In both his oral and written statements petitioner insisted that he had never requested anything of Hollifield in regard to the goggles; that the money was strictly a loan to Hollifield based upon Hollifield's request to him that he needed money in regard to a mortgage on his home; that no security was given for the loan; that he had no receipt or agreement for interest; that he had no personal knowledge as to whether Hollifield owned a home or not; and that none of the money had been repaid. Petitioner consistently and specifically denied any guilt of the offense charged.

The petitioner makes no claim that any of the extrajudicial statements were anything but voluntary. In fact the record discloses that petitioner was cooperative with the FBI in furnishing information and that petitioner had ample opportunity to consult counsel in reference to the FBI interviews and statements he made. Petitioner's prime contention is that his statements made after the date of the offense charged are so analogous to a confession that the same rules applicable to confessions must be applied and that if such rules are applied the conviction cannot stand.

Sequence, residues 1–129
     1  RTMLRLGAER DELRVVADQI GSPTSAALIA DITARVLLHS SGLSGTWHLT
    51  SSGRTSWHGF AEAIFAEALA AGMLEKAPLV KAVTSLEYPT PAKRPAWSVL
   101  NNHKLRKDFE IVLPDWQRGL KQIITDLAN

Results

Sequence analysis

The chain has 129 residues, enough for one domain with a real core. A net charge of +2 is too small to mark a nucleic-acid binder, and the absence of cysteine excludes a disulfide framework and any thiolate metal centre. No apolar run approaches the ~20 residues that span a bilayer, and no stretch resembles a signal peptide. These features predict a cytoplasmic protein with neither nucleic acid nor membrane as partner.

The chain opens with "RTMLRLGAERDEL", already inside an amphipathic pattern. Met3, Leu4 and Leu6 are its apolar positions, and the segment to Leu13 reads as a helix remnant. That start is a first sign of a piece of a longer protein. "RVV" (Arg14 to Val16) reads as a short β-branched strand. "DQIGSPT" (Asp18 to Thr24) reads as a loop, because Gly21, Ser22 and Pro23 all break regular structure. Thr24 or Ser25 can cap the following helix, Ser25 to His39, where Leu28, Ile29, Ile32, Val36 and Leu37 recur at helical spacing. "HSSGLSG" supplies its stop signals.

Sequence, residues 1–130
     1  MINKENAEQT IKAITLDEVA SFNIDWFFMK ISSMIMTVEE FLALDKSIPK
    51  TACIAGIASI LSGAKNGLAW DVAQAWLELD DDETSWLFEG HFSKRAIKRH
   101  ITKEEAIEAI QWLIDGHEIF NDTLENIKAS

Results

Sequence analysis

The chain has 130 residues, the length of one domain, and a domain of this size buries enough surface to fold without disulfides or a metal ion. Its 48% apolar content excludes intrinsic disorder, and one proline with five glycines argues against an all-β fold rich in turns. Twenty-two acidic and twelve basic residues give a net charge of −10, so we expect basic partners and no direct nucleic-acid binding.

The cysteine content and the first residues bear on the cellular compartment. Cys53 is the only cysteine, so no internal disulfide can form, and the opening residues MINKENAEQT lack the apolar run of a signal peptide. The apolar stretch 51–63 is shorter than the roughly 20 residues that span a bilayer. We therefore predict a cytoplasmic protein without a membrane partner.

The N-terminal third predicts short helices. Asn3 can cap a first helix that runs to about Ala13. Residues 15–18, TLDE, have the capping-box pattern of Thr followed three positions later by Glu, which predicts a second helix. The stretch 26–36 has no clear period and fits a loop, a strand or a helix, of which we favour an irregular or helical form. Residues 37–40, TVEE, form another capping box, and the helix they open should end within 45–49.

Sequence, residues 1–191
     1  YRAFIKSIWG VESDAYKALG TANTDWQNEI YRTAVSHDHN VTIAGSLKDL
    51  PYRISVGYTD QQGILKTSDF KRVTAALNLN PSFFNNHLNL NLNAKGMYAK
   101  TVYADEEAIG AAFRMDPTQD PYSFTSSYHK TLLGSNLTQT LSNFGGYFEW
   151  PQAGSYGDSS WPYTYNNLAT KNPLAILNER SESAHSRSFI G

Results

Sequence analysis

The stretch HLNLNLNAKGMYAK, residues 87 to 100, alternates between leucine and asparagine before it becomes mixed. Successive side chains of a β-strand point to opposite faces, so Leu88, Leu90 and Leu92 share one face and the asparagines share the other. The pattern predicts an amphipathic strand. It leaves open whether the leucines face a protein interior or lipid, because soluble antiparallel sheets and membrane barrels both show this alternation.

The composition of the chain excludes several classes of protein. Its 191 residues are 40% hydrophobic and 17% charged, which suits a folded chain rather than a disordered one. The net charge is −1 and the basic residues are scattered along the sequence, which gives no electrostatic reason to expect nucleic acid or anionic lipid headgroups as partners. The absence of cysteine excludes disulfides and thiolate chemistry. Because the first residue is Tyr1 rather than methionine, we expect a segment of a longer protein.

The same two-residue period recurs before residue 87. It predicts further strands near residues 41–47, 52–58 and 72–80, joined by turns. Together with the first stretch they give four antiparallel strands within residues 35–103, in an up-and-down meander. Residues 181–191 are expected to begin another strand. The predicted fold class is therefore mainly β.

First. It is petitioner's contention that where extrajudicial admissions that point to guilt are made by the accused, after the date of the acts charged as crime, testimony by witnesses other than the accused as to such oral or written admissions cannot be accepted as evidence without corroboration of the facts stated. That conclusion derives from petitioner's position that admissions of essential facts to prove a crime or admissions of some of its elements are so analogous to confessions of guilt that the same rule as to corroboration should be applied.

In the United States our concept of justice that finds no man guilty until proven has led our state and federal courts generally to refuse conviction on testimony concerning confessions of the accused not made by him at the trial of his case. Wigmore, Evidence (3d ed.), § 2071. See Warszower v. United States, 312 U.S. 342, 345, note 2, 61 S.Ct. 603. We have gone further in that direction than has the common law of England. There the courts have been hesitant to lay down a rule that an uncorroborated extrajudicial confession may not send an accused to prison or to death.5 In our country the doubt persists that the zeal of the agencies of prosecution to protect the peace, the self-interest of the accomplice, the maliciousness of an enemy or the aberration or weakness of the accused under the strain of suspicion may tinge or warp the facts of the confession. Admissions, retold at a trial, are much like hearsay, that is, statements not made at the pending trial. They had neither the compulsion of the oath nor the test of cross-examination.6 They are competent as an admission against interest.